[CMake] Windows library target names
mike.jackson at bluequartz.net
Thu Jul 22 17:50:33 EDT 2010
On Jul 22, 2010, at 5:42 PM, Olaf van der Spek wrote:
> On Thu, Jul 22, 2010 at 11:36 PM, Michael Jackson
> <mike.jackson at bluequartz.net> wrote:
>>> How does the loader find the DLL?
>> Because when Visual Studio launches an executable it will look in
>> the same
>> directory that the executable resides in for libraries to load.
>> Now, if you
>> have 2 completely separate projects where one builds libraries and
>> the other
>> builds the executables OR you have set the various CMAKE_RUNTIME_DIR,
>> CMAKE_ARCHIVE_DIR and CMAKE_EXECUTABLE_DIR to different directories
>> then you
>> are going to have to setup your PATH accordingly for each solution/
>> Most people set all three of those CMake variables to the same output
> Of course I have separate projects. I didn't write libz... Did you?
> DLLs should be *shared*. There shouldn't be a need for me to copy them
> to my app dir.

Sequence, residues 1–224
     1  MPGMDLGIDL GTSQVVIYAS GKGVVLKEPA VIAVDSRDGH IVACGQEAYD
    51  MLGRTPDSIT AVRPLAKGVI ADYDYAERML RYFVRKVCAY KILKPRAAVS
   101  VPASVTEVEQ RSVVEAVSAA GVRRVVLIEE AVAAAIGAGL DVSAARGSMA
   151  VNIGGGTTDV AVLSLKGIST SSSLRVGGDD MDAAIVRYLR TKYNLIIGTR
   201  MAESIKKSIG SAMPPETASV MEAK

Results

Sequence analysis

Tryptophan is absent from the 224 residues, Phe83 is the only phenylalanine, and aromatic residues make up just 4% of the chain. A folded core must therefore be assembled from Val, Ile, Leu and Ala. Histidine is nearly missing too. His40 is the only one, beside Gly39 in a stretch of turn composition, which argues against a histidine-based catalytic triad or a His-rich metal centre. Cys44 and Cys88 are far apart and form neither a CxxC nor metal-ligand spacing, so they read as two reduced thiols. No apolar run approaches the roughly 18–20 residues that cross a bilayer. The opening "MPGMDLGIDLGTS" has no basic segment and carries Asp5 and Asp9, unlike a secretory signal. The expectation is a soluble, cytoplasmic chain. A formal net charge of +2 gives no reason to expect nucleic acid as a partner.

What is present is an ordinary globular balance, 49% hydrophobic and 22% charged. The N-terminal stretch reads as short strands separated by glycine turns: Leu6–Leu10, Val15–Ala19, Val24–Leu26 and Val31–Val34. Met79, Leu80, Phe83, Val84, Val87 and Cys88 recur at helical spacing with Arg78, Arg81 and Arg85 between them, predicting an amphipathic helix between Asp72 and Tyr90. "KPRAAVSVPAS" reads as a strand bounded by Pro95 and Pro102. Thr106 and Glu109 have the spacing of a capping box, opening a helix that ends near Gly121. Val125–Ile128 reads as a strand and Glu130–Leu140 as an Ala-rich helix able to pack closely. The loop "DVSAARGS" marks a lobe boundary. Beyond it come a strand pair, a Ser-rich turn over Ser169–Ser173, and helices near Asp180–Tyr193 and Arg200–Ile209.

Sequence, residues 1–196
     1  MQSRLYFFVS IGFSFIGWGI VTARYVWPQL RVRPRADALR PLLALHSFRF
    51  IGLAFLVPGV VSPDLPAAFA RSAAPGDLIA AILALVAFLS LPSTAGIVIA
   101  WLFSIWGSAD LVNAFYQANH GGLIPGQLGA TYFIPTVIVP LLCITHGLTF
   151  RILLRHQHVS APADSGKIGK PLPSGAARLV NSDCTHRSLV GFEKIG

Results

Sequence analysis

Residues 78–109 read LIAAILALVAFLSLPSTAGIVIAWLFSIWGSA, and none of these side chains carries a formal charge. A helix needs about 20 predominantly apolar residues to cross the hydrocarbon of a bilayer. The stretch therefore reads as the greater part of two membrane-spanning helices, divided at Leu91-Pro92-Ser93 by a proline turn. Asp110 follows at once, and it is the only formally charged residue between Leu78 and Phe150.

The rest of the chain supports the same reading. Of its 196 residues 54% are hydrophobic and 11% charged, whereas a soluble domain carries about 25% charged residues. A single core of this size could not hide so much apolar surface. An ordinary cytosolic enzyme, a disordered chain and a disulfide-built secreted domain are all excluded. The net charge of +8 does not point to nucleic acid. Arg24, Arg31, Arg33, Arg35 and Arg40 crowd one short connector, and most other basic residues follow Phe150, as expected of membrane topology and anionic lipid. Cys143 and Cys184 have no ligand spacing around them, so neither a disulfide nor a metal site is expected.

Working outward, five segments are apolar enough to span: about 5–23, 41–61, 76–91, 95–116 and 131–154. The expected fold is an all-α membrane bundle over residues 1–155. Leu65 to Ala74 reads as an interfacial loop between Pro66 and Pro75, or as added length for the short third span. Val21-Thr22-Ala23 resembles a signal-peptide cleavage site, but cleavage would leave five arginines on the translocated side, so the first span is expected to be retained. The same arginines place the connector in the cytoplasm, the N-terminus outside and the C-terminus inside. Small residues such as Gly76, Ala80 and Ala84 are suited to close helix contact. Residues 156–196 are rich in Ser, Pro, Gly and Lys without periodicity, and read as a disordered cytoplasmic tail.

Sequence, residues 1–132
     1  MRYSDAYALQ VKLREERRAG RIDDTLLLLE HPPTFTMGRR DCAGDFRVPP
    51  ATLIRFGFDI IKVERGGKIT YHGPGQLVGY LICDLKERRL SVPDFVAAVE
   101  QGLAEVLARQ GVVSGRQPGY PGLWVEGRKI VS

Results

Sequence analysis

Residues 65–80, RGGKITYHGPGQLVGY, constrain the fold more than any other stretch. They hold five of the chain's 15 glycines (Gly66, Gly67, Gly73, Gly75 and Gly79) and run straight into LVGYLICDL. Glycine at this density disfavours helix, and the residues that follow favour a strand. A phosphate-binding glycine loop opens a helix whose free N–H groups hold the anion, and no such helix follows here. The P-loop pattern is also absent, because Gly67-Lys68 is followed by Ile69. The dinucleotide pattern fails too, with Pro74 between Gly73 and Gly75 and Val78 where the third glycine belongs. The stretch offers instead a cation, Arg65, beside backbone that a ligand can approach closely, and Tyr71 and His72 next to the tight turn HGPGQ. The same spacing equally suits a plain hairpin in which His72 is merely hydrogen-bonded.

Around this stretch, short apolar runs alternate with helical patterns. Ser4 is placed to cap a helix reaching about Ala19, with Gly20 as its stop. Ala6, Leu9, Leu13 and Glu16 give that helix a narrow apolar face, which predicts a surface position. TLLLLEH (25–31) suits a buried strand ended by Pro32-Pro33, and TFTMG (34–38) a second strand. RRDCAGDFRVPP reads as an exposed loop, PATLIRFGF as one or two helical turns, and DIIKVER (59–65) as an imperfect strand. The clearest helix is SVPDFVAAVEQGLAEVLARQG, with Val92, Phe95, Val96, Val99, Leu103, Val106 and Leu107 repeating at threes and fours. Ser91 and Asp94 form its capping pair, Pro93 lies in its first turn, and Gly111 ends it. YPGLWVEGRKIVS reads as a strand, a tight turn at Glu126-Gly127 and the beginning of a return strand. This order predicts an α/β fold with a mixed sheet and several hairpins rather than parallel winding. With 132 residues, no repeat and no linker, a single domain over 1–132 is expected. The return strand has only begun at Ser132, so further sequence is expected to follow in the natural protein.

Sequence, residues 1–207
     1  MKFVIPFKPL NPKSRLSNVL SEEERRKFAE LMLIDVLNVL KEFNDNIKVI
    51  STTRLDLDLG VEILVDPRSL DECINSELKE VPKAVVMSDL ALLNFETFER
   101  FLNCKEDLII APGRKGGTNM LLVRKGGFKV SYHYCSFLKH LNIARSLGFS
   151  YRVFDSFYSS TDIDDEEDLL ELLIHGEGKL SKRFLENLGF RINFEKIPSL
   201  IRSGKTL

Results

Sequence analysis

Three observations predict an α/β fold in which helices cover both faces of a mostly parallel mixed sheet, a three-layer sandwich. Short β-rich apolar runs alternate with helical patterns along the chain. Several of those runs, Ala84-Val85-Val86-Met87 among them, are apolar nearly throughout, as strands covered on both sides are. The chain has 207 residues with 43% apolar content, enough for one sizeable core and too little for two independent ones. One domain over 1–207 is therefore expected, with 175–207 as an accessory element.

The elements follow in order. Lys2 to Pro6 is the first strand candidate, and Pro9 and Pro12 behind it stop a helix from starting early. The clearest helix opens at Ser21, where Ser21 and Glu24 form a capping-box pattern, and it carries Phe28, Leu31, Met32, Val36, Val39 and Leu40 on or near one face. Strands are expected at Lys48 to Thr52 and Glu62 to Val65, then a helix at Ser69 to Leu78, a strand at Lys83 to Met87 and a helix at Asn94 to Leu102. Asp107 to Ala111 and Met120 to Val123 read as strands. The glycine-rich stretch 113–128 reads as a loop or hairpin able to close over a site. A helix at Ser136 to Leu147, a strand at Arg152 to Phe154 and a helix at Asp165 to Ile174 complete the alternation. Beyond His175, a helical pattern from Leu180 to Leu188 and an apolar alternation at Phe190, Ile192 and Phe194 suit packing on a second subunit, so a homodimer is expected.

Actually I _did_ put a CMake wrapper on LibZ that _does_ in fact
decorate the library names. I did the same thing for expat, libTiff
and HDF5 because I ran into all of these same issues a few years back.
I then wrote custom FindXXX.cmake files to find the libraries in both
the debug and release variants which all happen to be in the same
build directory. My project then knows which library to link against,
which ones to "install" or put into a NSIS installer package. So maybe
that is the answer that you are looking for.
The straight up answer is: CMake does not do this. If you want it
put it into your cmake files. If you feel strongly enough then put in
a feature request at the CMake bug tracker. If you _really_ feel
strongly then add a patch to the feature request.
Not sure what else to say. All my projects are open source and there
are lots of others that you can take a look at that do exactly this.
I'll plug my own: http://gitorious.bluequartz.net/MXA
More information about the CMake